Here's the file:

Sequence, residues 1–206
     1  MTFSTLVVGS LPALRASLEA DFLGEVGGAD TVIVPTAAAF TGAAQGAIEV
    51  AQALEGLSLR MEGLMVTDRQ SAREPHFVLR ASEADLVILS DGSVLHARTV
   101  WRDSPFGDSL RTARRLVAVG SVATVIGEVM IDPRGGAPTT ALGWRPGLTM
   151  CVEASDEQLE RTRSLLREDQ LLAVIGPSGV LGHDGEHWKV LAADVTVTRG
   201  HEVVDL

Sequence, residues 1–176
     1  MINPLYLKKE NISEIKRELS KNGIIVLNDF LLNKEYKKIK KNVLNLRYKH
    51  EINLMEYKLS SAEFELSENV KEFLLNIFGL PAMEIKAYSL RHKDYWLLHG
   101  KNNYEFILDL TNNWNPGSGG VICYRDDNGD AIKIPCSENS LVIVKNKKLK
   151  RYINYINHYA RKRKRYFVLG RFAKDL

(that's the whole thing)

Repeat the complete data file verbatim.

Sequence, residues 1–206
     1  MTFSTLVVGS LPALRASLEA DFLGEVGGAD TVIVPTAAAF TGAAQGAIEV
    51  AQALEGLSLR MEGLMVTDRQ SAREPHFVLR ASEADLVILS DGSVLHARTV
   101  WRDSPFGDSL RTARRLVAVG SVATVIGEVM IDPRGGAPTT ALGWRPGLTM
   151  CVEASDEQLE RTRSLLREDQ LLAVIGPSGV LGHDGEHWKV LAADVTVTRG
   201  HEVVDL

Sequence, residues 1–176
     1  MINPLYLKKE NISEIKRELS KNGIIVLNDF LLNKEYKKIK KNVLNLRYKH
    51  EINLMEYKLS SAEFELSENV KEFLLNIFGL PAMEIKAYSL RHKDYWLLHG
   101  KNNYEFILDL TNNWNPGSGG VICYRDDNGD AIKIPCSENS LVIVKNKKLK
   151  RYINYINHYA RKRKRYFVLG RFAKDL